LINGUIST List 8.1520

Fri Oct 24 1997

Disc: Yngve Review

Editor for this issue: Andrew Carnie <>


  1. David Ludden, Re: Yngve Discussion

Message 1: Re: Yngve Discussion

Date: Mon, 20 Oct 1997 11:43:08 -0500
From: David Ludden <>
Subject: Re: Yngve Discussion

In Linguist 8.l473, Dan Moonhawk Alford commented on Yngve (1996) *From
Grammar to Science*. After reading Yngve (1996), I would like to voice my
own opinion in favor of the main ideas in the book, and to address some of
the concerns Alford raises.

Yngve (1996) argues that Linguistics must adhere to the scientific method if
it is ever to achieve a solid understanding of "human communicative
behavior." Alford (Linguist 8.1473) raises concerns about Yngve's
conception of the scientific method, in particular where it is based on
"outmoded Newtonian science resting on materialism alone," or whether it
takes into account advances in relativity and quantum physics in this
century. I think that most scientists would agree that the scientific
*method* has not changed with the development of relativity and quantum
physics. Rather, what has changed has been our understanding of the physical

Alford then refers to "The X Interpretation," by which I understood him to
be referring to the Uncertainty Principle, which states that at the quantum
level an entity cannot be measured without changing it. A result of this is
that two related quantities of a particular subatomic particle, for example
its position and momentum, cannot both be measured, since the first
measurement will alter the value for the second measurement. Thus, the
observer must be selective in which measurements to make. Alford asserts
that this uncertainty introduces "meaning" into quantum physics. Although
the significance of the Uncertainty Principle has been much debated in
philosophy, I believe that most physicists would agree that "meaning" is not
a relevant term to use with regard to the behavior of subatomic particles.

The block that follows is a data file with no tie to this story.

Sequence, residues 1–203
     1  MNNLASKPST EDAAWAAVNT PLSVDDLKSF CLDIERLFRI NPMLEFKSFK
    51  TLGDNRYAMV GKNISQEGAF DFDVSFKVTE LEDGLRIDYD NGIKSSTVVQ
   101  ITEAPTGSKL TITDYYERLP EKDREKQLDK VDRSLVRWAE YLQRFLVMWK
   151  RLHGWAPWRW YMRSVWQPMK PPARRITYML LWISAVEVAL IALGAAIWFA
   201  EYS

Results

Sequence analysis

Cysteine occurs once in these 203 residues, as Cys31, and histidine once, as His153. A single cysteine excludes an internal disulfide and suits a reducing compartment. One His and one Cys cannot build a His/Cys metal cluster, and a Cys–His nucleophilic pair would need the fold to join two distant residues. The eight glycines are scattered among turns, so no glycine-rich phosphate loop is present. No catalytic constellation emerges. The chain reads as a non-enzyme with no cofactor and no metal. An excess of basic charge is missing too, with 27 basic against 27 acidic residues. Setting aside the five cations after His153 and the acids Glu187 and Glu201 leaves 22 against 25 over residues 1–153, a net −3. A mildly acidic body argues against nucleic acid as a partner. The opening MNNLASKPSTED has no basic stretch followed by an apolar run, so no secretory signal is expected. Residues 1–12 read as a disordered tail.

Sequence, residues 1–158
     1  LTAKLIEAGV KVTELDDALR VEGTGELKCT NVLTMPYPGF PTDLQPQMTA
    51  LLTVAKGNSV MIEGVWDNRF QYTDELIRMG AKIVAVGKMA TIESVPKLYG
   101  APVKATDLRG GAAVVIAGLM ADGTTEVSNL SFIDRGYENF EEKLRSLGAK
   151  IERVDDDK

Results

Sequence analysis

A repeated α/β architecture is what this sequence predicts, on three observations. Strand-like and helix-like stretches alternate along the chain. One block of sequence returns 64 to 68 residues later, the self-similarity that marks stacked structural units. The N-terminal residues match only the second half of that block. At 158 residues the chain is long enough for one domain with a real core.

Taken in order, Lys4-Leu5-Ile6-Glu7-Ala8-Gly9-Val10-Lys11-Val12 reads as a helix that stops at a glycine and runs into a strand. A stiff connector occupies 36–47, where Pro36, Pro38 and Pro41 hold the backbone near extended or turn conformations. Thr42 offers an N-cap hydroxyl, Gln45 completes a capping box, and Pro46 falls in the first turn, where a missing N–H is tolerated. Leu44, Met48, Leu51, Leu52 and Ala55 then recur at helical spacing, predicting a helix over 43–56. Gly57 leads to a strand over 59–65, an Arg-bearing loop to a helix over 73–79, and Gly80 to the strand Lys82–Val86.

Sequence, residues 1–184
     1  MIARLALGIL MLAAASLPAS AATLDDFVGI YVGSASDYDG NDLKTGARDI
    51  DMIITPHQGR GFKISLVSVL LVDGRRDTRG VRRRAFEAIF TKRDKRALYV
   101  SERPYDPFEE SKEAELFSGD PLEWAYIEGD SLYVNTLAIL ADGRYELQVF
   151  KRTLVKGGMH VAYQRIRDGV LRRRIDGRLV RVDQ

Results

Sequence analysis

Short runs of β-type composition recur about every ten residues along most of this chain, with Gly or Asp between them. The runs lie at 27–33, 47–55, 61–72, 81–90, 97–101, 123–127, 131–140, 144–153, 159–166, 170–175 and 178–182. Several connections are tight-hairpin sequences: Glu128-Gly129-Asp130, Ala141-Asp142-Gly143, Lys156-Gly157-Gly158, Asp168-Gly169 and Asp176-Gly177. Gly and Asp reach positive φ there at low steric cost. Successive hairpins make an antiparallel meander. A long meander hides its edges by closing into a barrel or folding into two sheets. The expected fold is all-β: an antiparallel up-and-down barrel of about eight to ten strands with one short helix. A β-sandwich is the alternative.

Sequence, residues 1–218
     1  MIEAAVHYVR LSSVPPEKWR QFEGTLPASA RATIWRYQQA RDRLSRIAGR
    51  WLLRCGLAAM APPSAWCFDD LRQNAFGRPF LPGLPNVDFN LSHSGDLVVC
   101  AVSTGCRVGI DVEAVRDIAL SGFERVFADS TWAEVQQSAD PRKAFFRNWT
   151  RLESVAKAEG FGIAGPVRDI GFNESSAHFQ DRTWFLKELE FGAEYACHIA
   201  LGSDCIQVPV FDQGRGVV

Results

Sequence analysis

If "meaning" is relevant to quantum physics at all, then it resides in the
heads of quantum physicists, who must decide which measurements will be
"meaningful" or useful for their purposes. The behavior of quantum particles
is probablistic, not intentional.

Alford gives two examples of how human involvement makes physical events
"meaningful": our perception of rainbows and our lack of awareness of the
blind spot in our field of vision. In the first example, Alford states that
"rainbows do not exist unless someone is in exactly the right position with
the sun to create them." I beg to differ with Alford on this point: light
refracts whether anyone sees it or not. This example is completely analogous
to the old conundrum about the tree falling in the forest (it does make a
noise whether anyone hears it or not). The second example has to do with the
blind spot in the center of our field of vision which occurs where the
optical nerves join the retina. I agree with Alford that the brain
constructs what we see, with the brain filling in the gaps. But presumably
Alford mischose his words when he asserted that "there is nothing causal
about what frequencies come in to our eyes," since light waves are subject
to all physical laws. However, it is true the that brain is selective in
what it attends to, and often "massages" the data it receives. The brain
constructs what we see, but it does not construct reality. What we see is a
representation of reality and not reality itself.

The philosophy/science dichotomy, or as Yngve (1996) has phrased it, the
distinction between "logical" and "phyical" domains, is a prevailing concept
in *From Grammar to Science*. This is not a wrong/right distinction.
Philosophy contributes to the advancement of knowledge by the generation of
new ideas. Science makes its contribution by testing ideas (hypotheses)
methodically against the real physical world. That the scientific method is
the most appropriate vehicle for understanding the physical world is
attested to in the unprecedented rapid advancement in our knowledge of the
world in the last four centuries.

Linguistics needs to decide whether it is going to be a philosophy or a
science. If it chooses to remain in the "logical domain" with its eternal
bickerings about the supposed qualities of "assumed" entities, it will be
doomed to the "dustheap" of academia. Only if it chooses to become a
science, to operate in the "physical domain," will real progress be made in
this field. And only if real progress can be made, and real results
produced, will linguists continue to get the funding they need to do their work.

David Ludden
Department of Linguistics
University of Iowa
* * * * * * * * * * * * * * * * * * *
* David Ludden			 *
*				 *
* Dept. of Linguistics *
* University of Iowa *
* Iowa City, IA 52242 *
* *
* Email: *
* * * * * * * * * * * * * * * * * * *
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